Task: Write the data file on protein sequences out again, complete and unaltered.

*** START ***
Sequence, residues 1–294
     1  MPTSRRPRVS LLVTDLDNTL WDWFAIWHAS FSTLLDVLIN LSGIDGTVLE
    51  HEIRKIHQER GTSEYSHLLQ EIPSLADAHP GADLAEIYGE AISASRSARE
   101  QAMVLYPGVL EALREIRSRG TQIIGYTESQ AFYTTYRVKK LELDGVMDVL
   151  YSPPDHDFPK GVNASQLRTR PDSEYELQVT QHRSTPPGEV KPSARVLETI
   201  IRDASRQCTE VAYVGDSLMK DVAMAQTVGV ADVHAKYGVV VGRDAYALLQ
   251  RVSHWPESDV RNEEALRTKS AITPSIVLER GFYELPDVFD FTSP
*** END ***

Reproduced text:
Sequence, residues 1–294
     1  MPTSRRPRVS LLVTDLDNTL WDWFAIWHAS FSTLLDVLIN LSGIDGTVLE
    51  HEIRKIHQER GTSEYSHLLQ EIPSLADAHP GADLAEIYGE AISASRSARE
   101  QAMVLYPGVL EALREIRSRG TQIIGYTESQ AFYTTYRVKK LELDGVMDVL
   151  YSPPDHDFPK GVNASQLRTR PDSEYELQVT QHRSTPPGEV KPSARVLETI
   201  IRDASRQCTE VAYVGDSLMK DVAMAQTVGV ADVHAKYGVV VGRDAYALLQ
   251  RVSHWPESDV RNEEALRTKS AITPSIVLER GFYELPDVFD FTSP